This I Believe

Michael - St. Louis, Missouri
Entered on June 10, 2007

I’m not ashamed to be nice, even if I wonder at times how the word becomes a curse more than a compliment..

I still recall the details about one conversation, her hair, the melody of her voice, even the warmth of the vinyl seats in my ’66 Chevy Impala. “I’m sorry… you’re just too nice a guy, I don’t want to break your heart.”

Two words — too nice, tarred and feathered for being too nice? She may have just told me that my character was so devoid of negative qualities that it made me unappealing, that painful breakup was inevitable. Too nice?

I never gave any thought to the notion that niceness might be a liability. Heck, I thought that was how you were supposed to be. Niceness as a character flaw was such an alien concept that it remained on my intellectual radar for years, awaiting decisive validation or repudiation. But it seems that the negative potential of nicety gets validated more and more with each passing year.

Nonetheless, I’ve reached a comfort zone with my own niceness; even though nice has become the description of choice whenever someone rejects all other positive adjectives or nouns and the subject is just too bland for anything more definitive.

Consider its use in business. In the Dilbertarian rat mazes of today, the phrase “he’s a nice guy” is often synonymous with “he’s an ineffectual person that smiles at strangers”, shorthand for “no threat.” Moreover, forget about using nice in the context of any political discourse, people will never be able to decide whether you meant to be sarcastic or not.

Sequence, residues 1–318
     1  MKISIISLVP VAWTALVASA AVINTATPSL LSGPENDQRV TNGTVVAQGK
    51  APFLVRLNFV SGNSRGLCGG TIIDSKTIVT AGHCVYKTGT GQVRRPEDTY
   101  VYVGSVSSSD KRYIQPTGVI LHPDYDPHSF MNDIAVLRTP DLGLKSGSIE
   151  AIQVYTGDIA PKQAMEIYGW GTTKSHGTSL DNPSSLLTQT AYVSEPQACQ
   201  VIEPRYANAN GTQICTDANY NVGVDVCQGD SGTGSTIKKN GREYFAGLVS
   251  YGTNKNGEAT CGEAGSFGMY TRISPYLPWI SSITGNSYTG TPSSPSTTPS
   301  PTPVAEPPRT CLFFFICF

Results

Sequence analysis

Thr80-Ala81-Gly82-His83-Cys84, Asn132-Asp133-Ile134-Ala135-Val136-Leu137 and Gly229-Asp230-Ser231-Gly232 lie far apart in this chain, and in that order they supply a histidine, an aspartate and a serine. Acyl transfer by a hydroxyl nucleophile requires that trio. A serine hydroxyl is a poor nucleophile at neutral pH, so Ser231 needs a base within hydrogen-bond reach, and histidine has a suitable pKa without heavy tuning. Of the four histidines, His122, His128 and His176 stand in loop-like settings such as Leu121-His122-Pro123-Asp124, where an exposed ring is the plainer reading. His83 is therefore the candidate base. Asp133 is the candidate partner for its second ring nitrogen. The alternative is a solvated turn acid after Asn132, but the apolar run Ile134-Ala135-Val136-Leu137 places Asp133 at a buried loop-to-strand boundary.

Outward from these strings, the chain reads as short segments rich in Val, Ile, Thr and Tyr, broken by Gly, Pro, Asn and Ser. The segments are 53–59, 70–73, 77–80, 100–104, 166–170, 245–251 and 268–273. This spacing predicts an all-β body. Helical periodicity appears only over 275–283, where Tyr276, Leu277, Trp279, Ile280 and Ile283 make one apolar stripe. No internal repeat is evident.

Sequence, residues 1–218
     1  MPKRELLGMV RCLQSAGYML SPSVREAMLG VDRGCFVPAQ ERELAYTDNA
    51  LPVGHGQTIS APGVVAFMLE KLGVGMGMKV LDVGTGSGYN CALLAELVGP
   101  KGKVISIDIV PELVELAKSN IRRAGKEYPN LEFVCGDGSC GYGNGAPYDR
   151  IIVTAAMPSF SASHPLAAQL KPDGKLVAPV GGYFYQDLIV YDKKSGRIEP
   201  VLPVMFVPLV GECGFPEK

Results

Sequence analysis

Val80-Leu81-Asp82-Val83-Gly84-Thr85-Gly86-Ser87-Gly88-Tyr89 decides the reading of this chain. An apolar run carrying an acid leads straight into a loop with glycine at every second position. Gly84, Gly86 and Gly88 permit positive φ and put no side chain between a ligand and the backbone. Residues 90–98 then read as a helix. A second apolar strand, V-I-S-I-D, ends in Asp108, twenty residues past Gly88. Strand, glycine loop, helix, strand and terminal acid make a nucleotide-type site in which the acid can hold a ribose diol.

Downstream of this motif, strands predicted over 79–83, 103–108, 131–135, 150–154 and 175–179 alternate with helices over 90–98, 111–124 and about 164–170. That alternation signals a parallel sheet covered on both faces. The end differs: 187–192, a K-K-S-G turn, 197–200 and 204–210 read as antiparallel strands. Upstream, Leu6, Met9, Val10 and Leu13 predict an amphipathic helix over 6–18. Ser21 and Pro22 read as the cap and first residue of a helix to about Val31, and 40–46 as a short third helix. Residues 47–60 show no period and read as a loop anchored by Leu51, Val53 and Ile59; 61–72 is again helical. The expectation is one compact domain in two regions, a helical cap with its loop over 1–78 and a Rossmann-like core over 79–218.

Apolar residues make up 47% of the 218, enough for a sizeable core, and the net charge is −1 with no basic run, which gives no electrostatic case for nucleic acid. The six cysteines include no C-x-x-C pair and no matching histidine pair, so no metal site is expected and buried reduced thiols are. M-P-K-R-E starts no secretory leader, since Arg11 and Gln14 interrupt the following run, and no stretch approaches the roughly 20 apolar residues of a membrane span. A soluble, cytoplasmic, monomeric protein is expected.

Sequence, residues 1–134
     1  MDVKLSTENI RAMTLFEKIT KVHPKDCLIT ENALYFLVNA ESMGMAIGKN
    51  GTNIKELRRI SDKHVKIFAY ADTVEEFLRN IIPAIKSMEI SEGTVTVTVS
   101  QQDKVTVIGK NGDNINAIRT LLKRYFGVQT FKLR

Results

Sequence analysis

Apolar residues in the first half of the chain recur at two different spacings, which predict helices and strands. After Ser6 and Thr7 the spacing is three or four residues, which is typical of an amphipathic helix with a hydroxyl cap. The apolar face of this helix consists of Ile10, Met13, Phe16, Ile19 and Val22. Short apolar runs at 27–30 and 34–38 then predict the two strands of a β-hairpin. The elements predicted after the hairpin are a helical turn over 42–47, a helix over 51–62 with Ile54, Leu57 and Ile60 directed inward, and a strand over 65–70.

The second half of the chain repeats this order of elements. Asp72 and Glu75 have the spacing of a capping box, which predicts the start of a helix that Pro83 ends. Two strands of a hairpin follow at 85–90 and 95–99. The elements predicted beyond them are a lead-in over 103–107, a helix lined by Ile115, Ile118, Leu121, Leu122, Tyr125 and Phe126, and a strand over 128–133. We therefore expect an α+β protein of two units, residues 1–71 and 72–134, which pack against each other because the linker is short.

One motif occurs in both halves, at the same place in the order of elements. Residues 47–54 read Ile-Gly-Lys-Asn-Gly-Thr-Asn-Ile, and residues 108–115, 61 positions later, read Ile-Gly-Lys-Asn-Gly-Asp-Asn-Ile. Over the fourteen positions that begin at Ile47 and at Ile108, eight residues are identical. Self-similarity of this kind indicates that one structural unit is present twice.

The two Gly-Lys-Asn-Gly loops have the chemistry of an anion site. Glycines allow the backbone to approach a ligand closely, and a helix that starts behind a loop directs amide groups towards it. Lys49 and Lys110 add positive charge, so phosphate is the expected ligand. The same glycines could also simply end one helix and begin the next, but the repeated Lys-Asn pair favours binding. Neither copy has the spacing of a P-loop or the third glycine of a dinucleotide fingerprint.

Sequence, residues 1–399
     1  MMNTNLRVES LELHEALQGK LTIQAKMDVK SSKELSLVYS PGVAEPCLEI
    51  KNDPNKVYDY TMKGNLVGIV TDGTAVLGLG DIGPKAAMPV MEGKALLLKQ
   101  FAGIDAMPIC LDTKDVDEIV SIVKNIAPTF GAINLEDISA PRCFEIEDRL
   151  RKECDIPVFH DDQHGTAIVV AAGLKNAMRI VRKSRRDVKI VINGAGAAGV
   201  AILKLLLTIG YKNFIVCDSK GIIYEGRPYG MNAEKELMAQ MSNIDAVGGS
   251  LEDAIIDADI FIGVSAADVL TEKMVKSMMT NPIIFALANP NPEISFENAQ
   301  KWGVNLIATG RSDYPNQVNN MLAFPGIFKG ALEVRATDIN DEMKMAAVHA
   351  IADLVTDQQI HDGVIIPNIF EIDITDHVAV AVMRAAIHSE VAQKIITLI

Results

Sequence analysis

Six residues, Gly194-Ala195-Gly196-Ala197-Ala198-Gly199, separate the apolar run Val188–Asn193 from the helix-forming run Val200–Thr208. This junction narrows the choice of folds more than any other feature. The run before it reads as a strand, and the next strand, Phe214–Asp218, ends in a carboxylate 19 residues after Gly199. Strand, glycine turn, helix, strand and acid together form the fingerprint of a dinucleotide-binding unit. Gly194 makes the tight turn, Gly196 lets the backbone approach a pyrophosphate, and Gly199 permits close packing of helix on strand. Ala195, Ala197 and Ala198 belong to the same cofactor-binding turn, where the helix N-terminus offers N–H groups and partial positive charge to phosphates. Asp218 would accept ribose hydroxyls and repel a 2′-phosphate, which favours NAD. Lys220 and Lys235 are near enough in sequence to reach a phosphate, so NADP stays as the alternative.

I’m a baby boomer, a member of the first generation co-parented by television; and I’m not ashamed to say that substantial parts of my moral and ethical values were influenced by the likes of Captain Kangaroo. Go ahead… chuckle all you want, but the Captain always told you to be nice to people. I also had the benefit of two loving parents, the influence of a suburban protestant church, and a school system with uncomplicated versions of right and wrong. None of these moral touchstones ever suggested that nice was something to avoid. Somewhere along the line, the niceness of Captain Kangaroo was devalued, to our individual and collective detriment.

Despite this unease with the word, I have come to accept its application to me, and at times, I will use nice when describing someone else. It’s a four letter word aggregating any number of positive descriptors like respectful, gracious, courteous, friendly and kind. What is wrong with simply aspiring to be nice?

In these often un-nice times of reality TV and negative, retaliatory politics, it is cause for regret that the word nice does not have more power. If I am truly a nice guy, perhaps the Captain had a lasting effect on me, for which I’m grateful. It’s a nice thing to consider.